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Searching for Good Things

Is it irresponsible to write about anything but TRUMP? I can't get away from him. None of us can. At least with "The Apprentice," we could turn to another channel. Now he's on all our TVs – 24-7-365.

It's a tsunami of bad news: his press conference, his lies, his attacks on the press. Flynn out, Pruitt confirmed. The whole "shit sandwich" – in some form or another -- every day.

Will he be impeached, or will he be forced to resign? I'm pretty sure that he's not going to last the full four years. Not with a first month like he's had. But it's going to be a bumpy ride for the whole country on the way to disaster.

So I grasp for Good Things in the meantime and look for the beach glass in the tsunami.

GOOD THINGS

I've been spending lots of time with my grandson Calder whose vocabulary and facility with language are growing every time I see him. He's now pointing to everything and demanding, "Name." He's putting together simple sentences like "I made it" and "I did it." It's thrilling to see this little boy's skills develop right before my eyes.

I started thinking back on the philosophy of language and linguistics I studied in college. Chomsky was the rage then, and I read SYNTACTIC STRUCTURES and some of his other writings. His work on language acquisition and universal grammar pre-date his now more famous political writings, but for me, he'll always be the father of modern linguistics and one of the intellectual giants of our age.

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Falling Slowly

It was a bad week for the Trump Administration, which means it was a bad week for us all.

Or was it? Do we want Trump to "succeed" or "fail?"

The mistakes, large and small, are already piling up:

Trump lost, 3-0, in his first tangle with the judiciary over his Muslim ban.

Trump's National Security Advisor Michael Flynn had to resign.  He lied to the Vice-President about his shady involvement with Russia, discussing sanctions before the election, clearly and publicly revealing his duplicity and possibly violating the Logan Act. (But that's an old story for Republicans: the subject for another blog perhaps.)  

There was even a typo on Trump's Official Inauguration Poster!

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Macro-Life and Micro-Life

From now on, we are all living two lives: a macro-life in the choatic World of Donald Trump, where we are subject to the whims and blunders of this woefully in-over-his head man, and a micro-life in private with our friends, co-workers, and families, where things can be quite nice.

How do we live both these lives at once and reconcile them? I'm not really sure. Nothing is normal anymore. And we all know that things are going to get worse.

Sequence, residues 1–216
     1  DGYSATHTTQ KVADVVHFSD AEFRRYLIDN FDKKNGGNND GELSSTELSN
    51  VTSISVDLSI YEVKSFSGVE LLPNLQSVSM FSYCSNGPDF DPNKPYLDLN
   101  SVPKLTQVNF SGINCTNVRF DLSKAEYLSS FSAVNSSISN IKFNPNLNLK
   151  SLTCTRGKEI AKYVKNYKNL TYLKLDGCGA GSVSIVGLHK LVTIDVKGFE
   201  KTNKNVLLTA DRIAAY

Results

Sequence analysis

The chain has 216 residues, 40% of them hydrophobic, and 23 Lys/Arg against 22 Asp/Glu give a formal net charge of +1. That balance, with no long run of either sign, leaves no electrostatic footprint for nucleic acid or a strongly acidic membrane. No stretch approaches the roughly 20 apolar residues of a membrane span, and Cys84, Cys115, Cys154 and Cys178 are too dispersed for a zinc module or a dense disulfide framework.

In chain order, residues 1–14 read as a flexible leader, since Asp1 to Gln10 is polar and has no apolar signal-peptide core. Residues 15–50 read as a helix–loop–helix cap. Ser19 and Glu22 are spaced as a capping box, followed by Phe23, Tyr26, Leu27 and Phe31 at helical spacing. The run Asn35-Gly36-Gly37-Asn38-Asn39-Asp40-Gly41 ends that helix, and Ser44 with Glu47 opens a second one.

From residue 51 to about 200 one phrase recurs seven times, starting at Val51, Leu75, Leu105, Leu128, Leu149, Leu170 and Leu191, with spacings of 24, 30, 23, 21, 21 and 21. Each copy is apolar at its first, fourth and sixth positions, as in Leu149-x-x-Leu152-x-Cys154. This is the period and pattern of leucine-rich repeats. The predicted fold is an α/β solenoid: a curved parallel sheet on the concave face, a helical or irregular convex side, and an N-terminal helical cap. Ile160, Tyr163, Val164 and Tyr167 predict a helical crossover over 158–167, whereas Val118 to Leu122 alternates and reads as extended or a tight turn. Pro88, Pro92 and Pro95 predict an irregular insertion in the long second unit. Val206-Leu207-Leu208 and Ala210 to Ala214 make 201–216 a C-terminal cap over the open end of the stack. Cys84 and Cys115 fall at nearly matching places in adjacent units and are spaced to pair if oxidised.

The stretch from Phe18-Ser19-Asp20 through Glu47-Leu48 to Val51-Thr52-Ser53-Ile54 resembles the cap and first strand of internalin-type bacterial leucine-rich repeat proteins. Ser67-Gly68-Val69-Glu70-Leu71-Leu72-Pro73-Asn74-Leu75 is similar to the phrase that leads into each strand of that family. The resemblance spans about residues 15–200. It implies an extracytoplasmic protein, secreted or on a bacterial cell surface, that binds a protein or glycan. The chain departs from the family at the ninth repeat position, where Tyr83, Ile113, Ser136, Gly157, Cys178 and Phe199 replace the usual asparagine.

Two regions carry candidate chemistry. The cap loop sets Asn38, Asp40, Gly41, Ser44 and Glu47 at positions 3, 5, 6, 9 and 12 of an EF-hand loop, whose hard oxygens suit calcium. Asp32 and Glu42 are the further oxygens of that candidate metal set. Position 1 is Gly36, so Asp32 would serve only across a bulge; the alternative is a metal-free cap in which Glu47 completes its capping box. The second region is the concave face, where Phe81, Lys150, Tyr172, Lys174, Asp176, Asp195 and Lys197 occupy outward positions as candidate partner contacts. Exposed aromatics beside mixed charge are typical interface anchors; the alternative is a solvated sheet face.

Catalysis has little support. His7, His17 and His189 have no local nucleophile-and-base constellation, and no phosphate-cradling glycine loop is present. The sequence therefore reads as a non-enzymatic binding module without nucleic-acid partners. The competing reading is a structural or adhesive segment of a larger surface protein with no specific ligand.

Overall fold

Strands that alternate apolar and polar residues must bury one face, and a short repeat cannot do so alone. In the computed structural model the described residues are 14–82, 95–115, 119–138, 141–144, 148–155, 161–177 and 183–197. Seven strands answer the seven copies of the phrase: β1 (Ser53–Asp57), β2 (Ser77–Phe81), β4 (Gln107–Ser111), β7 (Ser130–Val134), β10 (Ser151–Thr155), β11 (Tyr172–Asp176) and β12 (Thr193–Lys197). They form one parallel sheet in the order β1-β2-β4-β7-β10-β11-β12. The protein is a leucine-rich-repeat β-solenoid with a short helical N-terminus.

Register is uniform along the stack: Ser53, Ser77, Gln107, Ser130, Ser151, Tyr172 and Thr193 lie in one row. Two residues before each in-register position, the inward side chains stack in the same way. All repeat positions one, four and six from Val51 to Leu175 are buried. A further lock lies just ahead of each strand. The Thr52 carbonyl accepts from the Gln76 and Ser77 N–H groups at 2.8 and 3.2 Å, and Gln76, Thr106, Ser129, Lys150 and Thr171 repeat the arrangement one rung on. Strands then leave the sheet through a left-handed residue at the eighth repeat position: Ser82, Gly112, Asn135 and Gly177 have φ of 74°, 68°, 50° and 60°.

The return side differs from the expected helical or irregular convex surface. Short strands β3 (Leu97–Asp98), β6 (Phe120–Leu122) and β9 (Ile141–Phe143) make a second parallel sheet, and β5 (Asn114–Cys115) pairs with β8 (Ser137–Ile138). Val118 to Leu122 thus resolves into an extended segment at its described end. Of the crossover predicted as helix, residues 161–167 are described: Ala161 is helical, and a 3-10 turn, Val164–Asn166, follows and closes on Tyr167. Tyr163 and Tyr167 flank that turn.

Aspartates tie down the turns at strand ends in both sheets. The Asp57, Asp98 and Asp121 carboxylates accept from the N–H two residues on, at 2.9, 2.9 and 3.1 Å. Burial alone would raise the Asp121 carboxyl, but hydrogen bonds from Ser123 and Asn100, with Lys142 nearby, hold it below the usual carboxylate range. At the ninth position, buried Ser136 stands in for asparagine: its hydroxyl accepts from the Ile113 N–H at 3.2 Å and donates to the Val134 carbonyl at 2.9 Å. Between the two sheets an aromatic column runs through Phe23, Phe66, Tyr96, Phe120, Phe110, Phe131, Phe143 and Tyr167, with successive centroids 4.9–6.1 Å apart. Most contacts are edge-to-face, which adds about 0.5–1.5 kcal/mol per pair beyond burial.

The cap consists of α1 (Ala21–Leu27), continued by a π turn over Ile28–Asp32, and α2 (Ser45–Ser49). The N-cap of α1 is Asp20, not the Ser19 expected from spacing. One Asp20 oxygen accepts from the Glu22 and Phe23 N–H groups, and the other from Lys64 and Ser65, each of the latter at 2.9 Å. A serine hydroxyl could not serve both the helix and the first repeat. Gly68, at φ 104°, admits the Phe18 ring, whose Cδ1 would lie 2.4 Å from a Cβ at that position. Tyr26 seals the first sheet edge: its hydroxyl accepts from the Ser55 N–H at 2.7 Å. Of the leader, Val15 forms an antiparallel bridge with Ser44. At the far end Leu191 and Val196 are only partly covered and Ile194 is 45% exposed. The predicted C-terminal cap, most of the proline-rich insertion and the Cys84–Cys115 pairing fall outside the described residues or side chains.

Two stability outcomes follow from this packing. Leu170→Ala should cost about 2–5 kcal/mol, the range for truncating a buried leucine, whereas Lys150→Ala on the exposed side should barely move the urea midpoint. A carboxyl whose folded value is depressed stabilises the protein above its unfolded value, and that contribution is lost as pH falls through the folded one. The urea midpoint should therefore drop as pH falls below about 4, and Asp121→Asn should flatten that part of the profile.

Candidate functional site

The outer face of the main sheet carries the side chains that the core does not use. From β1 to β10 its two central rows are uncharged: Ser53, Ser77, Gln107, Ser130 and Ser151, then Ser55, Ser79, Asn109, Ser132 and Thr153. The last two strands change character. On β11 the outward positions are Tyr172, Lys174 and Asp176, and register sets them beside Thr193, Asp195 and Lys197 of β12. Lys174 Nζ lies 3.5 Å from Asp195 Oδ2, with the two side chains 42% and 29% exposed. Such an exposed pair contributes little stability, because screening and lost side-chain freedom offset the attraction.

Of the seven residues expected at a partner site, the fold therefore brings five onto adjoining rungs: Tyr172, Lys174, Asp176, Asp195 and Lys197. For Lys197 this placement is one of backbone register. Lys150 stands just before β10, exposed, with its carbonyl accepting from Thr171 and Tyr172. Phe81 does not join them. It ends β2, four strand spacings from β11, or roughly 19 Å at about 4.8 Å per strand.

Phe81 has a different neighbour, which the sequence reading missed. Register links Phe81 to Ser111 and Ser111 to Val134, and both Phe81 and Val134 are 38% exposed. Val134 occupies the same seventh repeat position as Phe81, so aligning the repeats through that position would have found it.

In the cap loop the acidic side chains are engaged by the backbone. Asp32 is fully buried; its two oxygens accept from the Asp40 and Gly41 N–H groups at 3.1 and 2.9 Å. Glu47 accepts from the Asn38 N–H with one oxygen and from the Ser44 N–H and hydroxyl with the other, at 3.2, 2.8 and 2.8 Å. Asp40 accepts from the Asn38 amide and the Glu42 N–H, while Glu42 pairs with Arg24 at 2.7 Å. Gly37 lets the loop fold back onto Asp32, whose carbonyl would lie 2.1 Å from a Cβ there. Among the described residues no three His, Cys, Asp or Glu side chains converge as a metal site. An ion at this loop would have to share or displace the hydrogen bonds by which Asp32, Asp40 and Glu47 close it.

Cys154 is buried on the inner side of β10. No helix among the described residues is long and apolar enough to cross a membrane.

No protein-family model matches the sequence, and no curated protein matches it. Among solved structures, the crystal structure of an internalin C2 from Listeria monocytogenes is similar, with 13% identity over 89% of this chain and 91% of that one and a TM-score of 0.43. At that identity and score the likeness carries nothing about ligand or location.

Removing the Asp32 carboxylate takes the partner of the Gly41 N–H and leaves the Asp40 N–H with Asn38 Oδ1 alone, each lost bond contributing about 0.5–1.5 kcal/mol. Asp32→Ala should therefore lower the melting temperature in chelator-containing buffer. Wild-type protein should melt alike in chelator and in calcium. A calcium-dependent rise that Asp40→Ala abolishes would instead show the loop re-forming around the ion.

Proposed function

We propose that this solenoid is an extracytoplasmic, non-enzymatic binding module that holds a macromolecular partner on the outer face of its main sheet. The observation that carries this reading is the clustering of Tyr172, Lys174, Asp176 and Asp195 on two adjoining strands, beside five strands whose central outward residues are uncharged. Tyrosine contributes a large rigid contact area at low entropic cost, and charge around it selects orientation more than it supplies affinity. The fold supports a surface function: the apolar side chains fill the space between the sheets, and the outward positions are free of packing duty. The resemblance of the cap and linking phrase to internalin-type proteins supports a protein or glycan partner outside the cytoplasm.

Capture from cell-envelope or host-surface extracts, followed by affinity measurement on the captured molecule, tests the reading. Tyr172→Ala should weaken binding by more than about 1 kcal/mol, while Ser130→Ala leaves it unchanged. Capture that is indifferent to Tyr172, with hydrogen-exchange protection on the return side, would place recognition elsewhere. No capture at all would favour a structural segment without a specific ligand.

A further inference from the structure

So what to do?

DO SOMETHING

This week I made phone calls to Republican senators in opposition to the appointment of Betsy DeVos as Secretary of Education. I called Susan Collins of Maine several times and left respectful messages on her voice-mail. (Never got a live body to talk to.) I also sent e-mails. When Collins came out against DeVos, I switched and contacted Pat Toomey of Pennsylvania, Dean Heller of Nevada, and Thom Tillis of North Carolina and left messages.

As I've written before, I'm the son of a teacher and the father of a teacher, so I especially abhor the selection of Betsy DeVos, the enemy of public education whom Trump has chosen to be Secretary of Education. (The tragic/comic analogies are virtually endless: "It's like asking John Wayne Gacy to be your babysitter." ... "It's like asking Jeffrey Dahmer to be your chef.")

I am the product of public education – at least, K-12. I had great, dedicated teachers all through my childhood, and they prepared me for the world-class higher education I got at Columbia, Sarah Lawrence, and in Dublin. When I see the way that the Republican Party, exemplified by Ms. DeVos, has slandered, denigrated, and conspired to ruin public education in this county – and profit by its ruination -- it makes me sick.

Part of it is political: teachers' unions are an important source of support (both financial and person power) for the Democratic Party, so to weaken public education and the teachers who advocate for it is a way to Defund the Left. Part of it is religious: religious zealots are trying to find a way to make the public pay for religious education. Part of it is ideological: the twin chimeras of "choice" and "the free market" blind ideologues to the reality that one good system for all is the only rational, cost-effective way for a society to provide the greatest good for the greatest number.

DeVos looks like the most vulnerable of Trump's choices though Tom Price for HHS, Scott Prutt for EPA, and Andy Puzder for Labor are equally bad. As I'm typing this – on Monday, February 8th – I don't know when the vote for DeVos will occur, but it looks like the Democrats are going to try to hold the Senate floor all night to protest the selection of DeVos. RESIST!!

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